industrial hemp

Hemp farming exploded after the 2018 Farm Bill passed last December. The bill decriminalized the plant at the federal level, opening the door for many U.S. farmers to grow and sell hemp.

Over the past year, licensed hemp acreage increased more than 445%, according to the advocacy and research group Vote Hemp. More than 510,000 acres of hemp were licensed in 2019, versus about 112,000 acres in 2018.

Lawmakers unveiled the much-anticipated farm bill compromise Monday night, ending the months-long impasse over whether a critical piece of legislation that provides subsidies to farmers and helps needy Americans buy groceries could pass before the lame-duck session concludes at the end of the year.

For the first time in what historians say could be centuries, hemp has been grown and harvested at Mount Vernon, George Washington's historic estate.

In the 1760s, Washington predicted that hemp could be a more profitable crop than tobacco and grew it across his farm. At the time, hemp was abundant in Virginia and elsewhere in the U.S.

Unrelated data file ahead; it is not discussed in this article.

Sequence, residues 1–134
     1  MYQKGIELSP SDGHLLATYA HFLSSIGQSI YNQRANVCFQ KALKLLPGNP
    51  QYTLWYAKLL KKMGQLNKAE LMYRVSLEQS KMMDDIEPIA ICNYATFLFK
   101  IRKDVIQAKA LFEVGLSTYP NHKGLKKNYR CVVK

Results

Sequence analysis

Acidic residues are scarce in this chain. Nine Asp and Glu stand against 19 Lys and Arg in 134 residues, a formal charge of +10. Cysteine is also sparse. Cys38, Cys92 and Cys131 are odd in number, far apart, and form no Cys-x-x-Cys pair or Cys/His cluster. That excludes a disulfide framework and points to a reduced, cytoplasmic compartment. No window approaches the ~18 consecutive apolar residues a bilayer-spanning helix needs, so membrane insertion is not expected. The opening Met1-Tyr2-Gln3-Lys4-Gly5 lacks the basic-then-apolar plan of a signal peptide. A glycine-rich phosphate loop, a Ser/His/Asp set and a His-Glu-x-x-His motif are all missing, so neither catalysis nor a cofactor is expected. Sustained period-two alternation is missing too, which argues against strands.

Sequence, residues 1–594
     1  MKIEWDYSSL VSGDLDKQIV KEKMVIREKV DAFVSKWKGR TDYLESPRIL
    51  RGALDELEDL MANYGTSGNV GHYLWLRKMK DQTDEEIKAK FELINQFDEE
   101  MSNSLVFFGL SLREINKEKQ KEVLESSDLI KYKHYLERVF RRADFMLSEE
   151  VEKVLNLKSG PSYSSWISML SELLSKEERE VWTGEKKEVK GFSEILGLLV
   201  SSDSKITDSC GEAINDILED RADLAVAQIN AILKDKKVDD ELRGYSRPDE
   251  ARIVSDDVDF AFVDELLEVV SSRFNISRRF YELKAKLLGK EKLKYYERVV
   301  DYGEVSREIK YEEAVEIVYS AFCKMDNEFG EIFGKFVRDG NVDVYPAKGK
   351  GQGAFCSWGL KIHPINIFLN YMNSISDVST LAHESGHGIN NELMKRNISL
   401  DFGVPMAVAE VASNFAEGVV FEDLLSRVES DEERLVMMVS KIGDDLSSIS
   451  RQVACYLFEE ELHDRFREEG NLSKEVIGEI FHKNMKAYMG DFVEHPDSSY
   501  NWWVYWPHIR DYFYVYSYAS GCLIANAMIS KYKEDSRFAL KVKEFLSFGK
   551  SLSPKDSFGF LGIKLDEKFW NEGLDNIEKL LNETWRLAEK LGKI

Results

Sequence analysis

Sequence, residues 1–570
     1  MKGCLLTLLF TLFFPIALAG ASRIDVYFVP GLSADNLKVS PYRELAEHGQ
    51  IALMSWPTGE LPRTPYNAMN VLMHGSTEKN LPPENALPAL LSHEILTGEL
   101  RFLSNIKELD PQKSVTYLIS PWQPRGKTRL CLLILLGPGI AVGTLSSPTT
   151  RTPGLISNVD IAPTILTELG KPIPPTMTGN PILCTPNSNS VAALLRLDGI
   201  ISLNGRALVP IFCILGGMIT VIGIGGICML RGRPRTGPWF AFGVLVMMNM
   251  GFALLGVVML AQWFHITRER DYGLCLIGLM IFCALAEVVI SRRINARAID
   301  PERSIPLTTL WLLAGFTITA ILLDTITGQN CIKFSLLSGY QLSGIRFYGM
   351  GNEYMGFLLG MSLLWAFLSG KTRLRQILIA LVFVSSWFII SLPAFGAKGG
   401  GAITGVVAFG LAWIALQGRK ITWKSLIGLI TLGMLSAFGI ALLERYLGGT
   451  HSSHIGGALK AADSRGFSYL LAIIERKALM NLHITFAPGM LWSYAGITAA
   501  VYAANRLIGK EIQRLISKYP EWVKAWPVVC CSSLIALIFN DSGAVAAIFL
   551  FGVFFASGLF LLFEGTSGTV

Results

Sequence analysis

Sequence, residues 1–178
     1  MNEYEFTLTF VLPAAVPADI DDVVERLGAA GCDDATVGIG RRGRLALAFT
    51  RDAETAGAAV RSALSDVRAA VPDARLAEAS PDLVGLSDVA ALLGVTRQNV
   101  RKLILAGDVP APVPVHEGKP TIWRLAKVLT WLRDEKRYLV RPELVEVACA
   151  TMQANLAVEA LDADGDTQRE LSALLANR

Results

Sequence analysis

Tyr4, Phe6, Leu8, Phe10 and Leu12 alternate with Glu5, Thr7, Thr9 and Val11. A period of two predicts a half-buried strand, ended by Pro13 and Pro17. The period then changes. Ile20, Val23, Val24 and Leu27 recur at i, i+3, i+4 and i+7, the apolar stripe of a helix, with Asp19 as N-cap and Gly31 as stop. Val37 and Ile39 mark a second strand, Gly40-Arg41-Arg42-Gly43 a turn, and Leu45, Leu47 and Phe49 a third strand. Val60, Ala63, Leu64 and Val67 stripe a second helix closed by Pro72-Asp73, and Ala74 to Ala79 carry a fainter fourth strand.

Flickr / Jonathan Reyes

Leaders in Congress say they aim to pass a finalized Farm Bill before the Fourth of July recess. If Senate Majority Leader Mitch McConnell has his way, that bill will include the legalization of industrial hemp. The industrial hemp business is increasingly seen as an economic savior and substitute for vulnerable industries like mining.

Magalie L'Abbé / Flickr

Officials at Oklahoma's Department of Agriculture, Food and Forestry are working on rules to regulate the cultivation of industrial hemp.

Governor Mary Fallin signed bipartisan legislation this week that legalizes the crop in the state.

Industrial hemp is grown for its fiber and its oil, and can be used to make rope, clothes, paper, plastics, insulation and biofuel.

Sen. Lonnie Paxton (R-Tuttle) is one of the bill's authors. He says the new industry could create thousands of jobs and pour millions of dollars into the state's economy.